28 Apr 2008

The Daintree Rainforest

The "Trail"

Well, I never got around to writing about the last part of my spring break in northern Queensland, having been distracted by the surf trip and the general sense of laziness that has washed over me the past few weeks. But with the next two weekends booked for Melbourne/The Great Ocean Road and Brisbane/The Gold Coast, I feel a renewed sense of purpose in my life. I didn't realize how much I enjoyed traveling until all of my planned trips were finished, so I'm glad that there are things in the works for the next few weekends.

I can hardly believe it, but I'm halfway done with school (just finished week 6 of 12) and halfway done with my time in Sydney. I've been here almost two months, and in another two I'll be on my way back to Cairns with my family in tow, en route to Auckland, San Francisco, and finally Vermont. And I have a feeling my life is only going to get busier as I try to pack everything I haven't seen or done yet into the next sixty days.

Getting back to the subject of this post, though, the last few days of our vacation were spent up in Cape Tribulation (map), a small town that is one of the gateways to the Daintree rainforest. The Daintree is not only the oldest surviving rainforest in the world, but it is also the only place in the world where rainforest runs right up to the coastline and the ocean. This made the drive up very scenic, like a cross between the Green Mountains of Vermont and the beaches of Australia.

Rainforest and Coast

Our time in the rainforest was no less packed than all of our other days. The first thing we did was "Jungle Surfing," a ride through the canopy attached to zip lines. I call it a ride because we had to do nothing besides launch ourselves off the platform; there was no holding on or pulling ourselves up to worry about. It was quite relaxing. We wore harnesses which were attached to the lines by carabiners, and our speed was controlled by the attendants. In all, we made our way through a path consisting of 5 suspended platforms, and at one point we were 70 or 80 feet off the ground. For the last segment, they made us ride upside down! The best part was that we were in the shade the entire time; it was hot in northern Queensland, around 100 degrees some days!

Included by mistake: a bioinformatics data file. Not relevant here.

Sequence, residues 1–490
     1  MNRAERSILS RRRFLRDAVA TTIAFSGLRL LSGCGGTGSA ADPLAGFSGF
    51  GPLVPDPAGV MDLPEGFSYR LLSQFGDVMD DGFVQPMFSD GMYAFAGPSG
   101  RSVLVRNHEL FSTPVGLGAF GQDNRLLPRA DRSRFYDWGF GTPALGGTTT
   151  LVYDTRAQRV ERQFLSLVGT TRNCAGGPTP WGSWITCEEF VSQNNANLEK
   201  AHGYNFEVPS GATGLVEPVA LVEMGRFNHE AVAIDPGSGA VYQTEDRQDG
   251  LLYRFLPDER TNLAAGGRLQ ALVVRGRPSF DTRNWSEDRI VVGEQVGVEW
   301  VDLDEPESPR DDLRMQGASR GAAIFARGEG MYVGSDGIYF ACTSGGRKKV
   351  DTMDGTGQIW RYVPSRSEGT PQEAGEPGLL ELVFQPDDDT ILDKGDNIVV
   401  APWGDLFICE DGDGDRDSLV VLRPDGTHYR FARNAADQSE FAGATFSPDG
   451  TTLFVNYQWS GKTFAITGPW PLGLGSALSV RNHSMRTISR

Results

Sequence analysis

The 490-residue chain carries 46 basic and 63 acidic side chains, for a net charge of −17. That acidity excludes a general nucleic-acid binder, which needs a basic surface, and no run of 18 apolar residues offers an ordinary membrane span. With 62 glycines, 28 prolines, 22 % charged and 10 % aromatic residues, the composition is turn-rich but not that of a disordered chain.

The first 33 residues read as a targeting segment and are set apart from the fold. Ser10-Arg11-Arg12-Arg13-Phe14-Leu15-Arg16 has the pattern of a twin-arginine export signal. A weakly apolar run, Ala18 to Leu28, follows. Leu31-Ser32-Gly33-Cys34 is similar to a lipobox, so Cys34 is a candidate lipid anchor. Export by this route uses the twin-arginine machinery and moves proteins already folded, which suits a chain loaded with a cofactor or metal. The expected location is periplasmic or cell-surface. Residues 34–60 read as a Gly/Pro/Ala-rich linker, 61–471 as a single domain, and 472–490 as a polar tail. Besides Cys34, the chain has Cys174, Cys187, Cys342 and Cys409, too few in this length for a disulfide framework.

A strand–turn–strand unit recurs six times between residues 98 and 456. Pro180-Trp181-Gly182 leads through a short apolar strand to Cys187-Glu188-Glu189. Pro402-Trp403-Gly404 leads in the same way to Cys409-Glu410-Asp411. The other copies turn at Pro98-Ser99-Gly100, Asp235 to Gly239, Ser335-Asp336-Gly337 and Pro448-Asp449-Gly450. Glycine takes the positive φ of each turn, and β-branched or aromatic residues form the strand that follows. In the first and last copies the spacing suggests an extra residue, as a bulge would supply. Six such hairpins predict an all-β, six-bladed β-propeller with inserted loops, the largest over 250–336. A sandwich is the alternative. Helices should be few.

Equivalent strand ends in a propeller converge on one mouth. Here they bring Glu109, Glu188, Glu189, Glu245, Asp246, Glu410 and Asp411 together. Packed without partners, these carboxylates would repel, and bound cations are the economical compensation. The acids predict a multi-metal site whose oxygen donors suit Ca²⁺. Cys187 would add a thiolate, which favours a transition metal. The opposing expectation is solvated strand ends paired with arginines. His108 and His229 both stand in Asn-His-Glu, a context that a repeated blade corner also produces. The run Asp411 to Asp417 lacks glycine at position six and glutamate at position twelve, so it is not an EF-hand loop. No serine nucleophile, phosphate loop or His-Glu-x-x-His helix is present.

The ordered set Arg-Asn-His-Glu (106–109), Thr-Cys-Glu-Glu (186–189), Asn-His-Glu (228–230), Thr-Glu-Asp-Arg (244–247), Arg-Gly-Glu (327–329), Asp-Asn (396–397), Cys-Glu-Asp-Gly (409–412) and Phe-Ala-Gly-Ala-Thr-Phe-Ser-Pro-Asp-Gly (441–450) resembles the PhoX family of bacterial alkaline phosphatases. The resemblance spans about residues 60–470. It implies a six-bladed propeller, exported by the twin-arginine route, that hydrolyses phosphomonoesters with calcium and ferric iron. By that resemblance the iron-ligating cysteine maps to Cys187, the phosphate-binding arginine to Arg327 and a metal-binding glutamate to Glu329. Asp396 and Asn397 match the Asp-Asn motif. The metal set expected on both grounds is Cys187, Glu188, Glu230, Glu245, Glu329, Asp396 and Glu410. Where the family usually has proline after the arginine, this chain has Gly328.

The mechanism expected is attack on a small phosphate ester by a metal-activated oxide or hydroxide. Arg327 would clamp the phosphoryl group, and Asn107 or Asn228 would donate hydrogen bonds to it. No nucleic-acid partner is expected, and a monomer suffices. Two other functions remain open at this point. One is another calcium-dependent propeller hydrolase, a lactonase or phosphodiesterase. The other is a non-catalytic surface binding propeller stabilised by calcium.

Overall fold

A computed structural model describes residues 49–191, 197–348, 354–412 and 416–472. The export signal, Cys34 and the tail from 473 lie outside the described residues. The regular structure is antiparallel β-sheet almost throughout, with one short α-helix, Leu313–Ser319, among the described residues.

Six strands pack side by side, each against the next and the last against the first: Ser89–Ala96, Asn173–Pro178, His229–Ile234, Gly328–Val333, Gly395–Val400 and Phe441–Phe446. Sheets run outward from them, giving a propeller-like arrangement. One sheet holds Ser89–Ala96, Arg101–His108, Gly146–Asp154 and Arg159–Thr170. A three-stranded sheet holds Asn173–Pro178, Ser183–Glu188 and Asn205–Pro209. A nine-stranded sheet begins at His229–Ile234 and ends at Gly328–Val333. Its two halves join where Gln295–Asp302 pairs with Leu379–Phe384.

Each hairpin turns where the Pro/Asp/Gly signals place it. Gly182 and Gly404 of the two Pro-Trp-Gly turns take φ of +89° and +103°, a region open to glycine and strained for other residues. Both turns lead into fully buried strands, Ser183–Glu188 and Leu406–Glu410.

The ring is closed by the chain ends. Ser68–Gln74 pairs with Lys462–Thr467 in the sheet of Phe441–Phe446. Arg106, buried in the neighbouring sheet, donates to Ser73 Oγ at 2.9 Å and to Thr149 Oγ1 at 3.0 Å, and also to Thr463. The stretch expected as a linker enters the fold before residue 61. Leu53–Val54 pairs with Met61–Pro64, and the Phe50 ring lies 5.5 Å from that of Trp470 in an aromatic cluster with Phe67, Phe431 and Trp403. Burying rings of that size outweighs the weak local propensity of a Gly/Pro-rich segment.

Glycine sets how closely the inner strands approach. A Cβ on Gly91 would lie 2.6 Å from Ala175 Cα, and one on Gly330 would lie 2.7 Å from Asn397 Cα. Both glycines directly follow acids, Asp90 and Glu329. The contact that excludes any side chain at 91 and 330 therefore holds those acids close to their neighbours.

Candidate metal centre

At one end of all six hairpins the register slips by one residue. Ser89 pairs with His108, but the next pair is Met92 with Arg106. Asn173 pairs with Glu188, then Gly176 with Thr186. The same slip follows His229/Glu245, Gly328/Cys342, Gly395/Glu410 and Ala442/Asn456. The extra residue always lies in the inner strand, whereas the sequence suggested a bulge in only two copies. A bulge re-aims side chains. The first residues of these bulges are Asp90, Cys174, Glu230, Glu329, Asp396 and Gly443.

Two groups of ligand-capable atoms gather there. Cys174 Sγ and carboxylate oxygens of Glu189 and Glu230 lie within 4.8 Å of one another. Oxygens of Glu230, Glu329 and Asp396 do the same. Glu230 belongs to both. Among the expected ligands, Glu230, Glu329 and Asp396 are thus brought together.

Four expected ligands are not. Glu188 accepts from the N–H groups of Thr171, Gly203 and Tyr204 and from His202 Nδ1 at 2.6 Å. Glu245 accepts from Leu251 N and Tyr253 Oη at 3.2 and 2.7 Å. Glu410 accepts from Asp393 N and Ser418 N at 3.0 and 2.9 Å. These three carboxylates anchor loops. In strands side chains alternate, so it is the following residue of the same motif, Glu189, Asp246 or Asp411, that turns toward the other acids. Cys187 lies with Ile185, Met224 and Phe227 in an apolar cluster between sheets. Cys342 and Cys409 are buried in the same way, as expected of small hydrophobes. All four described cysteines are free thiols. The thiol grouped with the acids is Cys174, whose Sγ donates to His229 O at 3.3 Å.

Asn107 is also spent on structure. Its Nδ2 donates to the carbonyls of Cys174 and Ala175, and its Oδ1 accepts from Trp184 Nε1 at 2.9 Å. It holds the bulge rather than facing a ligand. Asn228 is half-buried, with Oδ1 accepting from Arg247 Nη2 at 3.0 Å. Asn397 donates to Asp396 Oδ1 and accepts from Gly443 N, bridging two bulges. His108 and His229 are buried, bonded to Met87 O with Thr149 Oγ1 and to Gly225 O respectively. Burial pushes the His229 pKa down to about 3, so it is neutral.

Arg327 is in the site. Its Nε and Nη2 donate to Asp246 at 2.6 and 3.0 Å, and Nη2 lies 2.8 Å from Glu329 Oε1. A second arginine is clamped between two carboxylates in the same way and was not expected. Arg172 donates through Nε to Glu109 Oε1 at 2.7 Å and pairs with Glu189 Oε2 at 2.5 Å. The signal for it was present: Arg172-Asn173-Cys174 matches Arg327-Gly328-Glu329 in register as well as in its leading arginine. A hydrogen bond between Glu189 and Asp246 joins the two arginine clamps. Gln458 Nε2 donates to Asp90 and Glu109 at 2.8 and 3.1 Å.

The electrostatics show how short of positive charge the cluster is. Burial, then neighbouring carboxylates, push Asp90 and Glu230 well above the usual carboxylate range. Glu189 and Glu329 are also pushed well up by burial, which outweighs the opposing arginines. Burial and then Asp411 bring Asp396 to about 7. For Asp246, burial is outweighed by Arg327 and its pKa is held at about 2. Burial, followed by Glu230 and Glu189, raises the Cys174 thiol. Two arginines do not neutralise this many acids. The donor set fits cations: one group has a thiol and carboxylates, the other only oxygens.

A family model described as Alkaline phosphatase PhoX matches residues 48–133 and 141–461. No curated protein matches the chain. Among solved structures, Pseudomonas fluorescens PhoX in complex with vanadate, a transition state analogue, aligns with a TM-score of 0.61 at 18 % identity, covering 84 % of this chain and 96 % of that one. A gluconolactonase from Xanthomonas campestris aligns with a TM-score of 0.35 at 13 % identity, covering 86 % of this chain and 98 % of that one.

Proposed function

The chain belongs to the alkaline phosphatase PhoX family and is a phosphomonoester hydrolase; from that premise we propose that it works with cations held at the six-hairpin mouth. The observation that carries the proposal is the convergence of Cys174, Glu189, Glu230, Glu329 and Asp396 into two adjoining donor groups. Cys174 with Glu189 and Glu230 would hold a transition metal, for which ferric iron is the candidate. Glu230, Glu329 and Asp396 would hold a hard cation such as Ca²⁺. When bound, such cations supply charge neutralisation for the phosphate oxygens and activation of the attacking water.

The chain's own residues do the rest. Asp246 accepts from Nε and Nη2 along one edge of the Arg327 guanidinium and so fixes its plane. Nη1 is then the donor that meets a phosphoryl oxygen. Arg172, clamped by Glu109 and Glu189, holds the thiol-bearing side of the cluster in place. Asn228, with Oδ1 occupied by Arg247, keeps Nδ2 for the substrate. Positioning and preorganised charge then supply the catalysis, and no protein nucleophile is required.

Later that evening we went out on the ocean for a sunset kayak ride. I've never been kayaking on the ocean before, only on lakes, where you can stop and everything stops around you. The ocean is in perpetual motion. It's not exactly as relaxing as freshwater kayaking, because the water is constantly slapping up against the side of the boat, but it is a neat experience. We were all allowed to take a swim in the deeper part of the ocean. The shallows harbored the most venemous creature in the world - the box jellyfish. Our instructor plucked one out of the water by its top (remember Finding Nemo?) and let me touch it! While we were rowing back in, the sun dropped slowly behind the mountains. It was a gorgeous sight.

At night, we had a bonfire at the beach. I cannot remember the last time I saw so many stars. Northern Queensland is sparsely populated, and most people that live there work in the tourism industry. So with a fire crackling on the beach, the ocean rolling in, countless stars illuminating every inch of sky, and beers in our hands, we enjoyed our last night on vacation taking in the natural beauty that is so abundant in Australia.

Group Shot

The next morning we were shuttled off to the rainforest in two groups for a "mild hike." Mild turned out to be strenuous, as we were climbing large, wet rocks up a creek bed, but when we reached the waterfall at the end it was all worth it. Our guide told us about the plants we were encountering as we hiked, and to my surprise many of them packed a bite! These are plants that you would not want to rub against, lest they cut and ensnare you with their sharp edges. I guess the rainforest didn't survive this long by luck! At the end of the hike, we drove to a freshwater pool and took a swim - so refreshing! Even so, I made sure to get a shower in before boarding the bus for the drive back to Cairns and the flight back to Sydney.

Stay tuned in a week for pictures of that other large Australian city and the famous landmarks of the Great Ocean Road!